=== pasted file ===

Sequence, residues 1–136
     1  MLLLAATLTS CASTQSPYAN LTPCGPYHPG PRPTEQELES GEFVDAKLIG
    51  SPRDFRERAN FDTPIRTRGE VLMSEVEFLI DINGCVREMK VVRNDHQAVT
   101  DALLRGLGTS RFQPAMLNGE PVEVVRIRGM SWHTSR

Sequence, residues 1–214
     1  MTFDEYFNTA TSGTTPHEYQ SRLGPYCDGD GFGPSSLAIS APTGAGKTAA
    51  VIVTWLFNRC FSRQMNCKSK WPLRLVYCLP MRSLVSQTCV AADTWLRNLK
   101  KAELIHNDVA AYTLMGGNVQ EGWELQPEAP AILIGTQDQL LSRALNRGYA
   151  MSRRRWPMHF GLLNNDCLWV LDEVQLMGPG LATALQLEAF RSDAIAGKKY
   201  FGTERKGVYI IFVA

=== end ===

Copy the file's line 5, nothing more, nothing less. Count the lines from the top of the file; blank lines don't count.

Sequence, residues 1–214